Saturday, May 12, 2007
Article in the New York Times -- F.D.A. Panel Seeks Limits on Cancer Patient Drugs, by Andrew Pollack. Here's an excerpt:
Bowing to safety concerns, government medical advisers urged on Thursday that additional restrictions be put on the use of drugs that treat anemia in cancer patients.
The recommendations by an advisory committee to the Food and Drug Administration followed a flurry of studies suggesting that the drugs, meant to help patients cope with chemotherapy, might actually be making their cancer worse or hastening their deaths.
The drugs — Aranesp from Amgen and Procrit from Johnson & Johnson — are used by about a half-million American cancer patients a year and have billions of dollars in annual sales.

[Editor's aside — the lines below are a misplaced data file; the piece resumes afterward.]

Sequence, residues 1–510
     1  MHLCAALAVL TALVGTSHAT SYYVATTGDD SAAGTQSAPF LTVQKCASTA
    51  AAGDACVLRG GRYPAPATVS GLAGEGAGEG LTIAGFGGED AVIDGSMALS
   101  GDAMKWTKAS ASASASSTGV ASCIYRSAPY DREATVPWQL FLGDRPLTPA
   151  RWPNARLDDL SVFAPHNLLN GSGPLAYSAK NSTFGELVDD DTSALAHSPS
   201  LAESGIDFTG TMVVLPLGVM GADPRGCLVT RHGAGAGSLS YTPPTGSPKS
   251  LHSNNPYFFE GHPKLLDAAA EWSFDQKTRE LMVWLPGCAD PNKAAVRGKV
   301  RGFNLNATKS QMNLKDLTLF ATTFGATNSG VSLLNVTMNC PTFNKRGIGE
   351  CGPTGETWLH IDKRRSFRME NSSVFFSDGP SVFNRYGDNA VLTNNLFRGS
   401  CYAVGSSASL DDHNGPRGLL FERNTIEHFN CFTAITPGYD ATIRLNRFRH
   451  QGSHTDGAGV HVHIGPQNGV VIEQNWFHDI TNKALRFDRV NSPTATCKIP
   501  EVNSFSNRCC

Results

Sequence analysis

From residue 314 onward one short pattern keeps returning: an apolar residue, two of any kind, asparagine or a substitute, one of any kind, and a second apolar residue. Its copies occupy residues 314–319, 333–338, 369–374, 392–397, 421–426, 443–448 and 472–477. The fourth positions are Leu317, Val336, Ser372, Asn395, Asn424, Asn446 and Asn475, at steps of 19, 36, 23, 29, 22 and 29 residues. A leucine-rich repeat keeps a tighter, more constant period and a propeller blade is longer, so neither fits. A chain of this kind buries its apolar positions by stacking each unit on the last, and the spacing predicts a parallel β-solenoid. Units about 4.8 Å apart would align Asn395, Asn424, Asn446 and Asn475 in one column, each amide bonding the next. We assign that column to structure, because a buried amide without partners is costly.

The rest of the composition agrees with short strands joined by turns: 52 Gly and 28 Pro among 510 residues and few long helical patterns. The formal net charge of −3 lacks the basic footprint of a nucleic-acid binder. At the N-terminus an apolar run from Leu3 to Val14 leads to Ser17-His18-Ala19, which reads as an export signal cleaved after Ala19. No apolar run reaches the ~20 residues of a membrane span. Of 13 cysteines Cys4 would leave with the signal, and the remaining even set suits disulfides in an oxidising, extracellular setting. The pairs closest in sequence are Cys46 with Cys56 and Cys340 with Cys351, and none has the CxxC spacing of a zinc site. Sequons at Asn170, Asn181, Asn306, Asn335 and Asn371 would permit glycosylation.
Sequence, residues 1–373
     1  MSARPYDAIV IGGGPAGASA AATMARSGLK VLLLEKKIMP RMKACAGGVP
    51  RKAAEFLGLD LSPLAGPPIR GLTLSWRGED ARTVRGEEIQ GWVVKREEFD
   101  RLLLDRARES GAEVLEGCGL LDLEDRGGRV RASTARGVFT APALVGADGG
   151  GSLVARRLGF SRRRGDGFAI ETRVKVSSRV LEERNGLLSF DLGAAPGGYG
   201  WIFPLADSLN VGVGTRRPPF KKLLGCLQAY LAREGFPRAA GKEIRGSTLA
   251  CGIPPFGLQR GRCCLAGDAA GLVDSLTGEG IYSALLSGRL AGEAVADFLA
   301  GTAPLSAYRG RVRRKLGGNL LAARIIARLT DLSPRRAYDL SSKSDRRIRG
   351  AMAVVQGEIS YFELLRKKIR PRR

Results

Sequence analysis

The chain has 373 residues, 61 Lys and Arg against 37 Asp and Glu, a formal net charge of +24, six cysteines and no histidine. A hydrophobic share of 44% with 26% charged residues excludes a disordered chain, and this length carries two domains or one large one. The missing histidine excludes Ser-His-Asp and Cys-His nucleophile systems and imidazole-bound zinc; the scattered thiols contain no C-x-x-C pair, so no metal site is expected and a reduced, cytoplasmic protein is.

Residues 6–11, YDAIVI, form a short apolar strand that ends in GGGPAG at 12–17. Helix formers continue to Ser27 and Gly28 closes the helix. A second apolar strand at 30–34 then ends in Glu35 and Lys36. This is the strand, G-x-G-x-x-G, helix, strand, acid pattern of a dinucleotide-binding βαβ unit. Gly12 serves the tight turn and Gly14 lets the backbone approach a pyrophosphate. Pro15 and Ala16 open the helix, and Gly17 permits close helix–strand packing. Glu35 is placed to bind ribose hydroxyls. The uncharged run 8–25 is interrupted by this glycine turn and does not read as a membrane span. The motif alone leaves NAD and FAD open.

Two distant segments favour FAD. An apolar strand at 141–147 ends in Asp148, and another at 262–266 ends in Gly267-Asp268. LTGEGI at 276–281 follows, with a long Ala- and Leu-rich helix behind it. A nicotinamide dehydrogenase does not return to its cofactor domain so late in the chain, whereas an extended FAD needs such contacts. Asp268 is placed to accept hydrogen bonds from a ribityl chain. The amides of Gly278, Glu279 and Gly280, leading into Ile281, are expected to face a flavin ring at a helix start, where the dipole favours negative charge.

Some members of the committee expressed shock that even though Procrit was first approved 14 years ago, it was still not clear if the drugs were safe at the doses typically used.
“Yes, we have a burning question,” one panel member, Dr. Silvana Martino, an oncologist in Santa Monica, Calif., said at the meeting here. “Do these things kill people?”
Here's a link to the related article from the Washington Post -- FDA Panel Questions Safety of Anemia Drug: Some Cancer Patients' Lives Feared Shortened, by David Brown.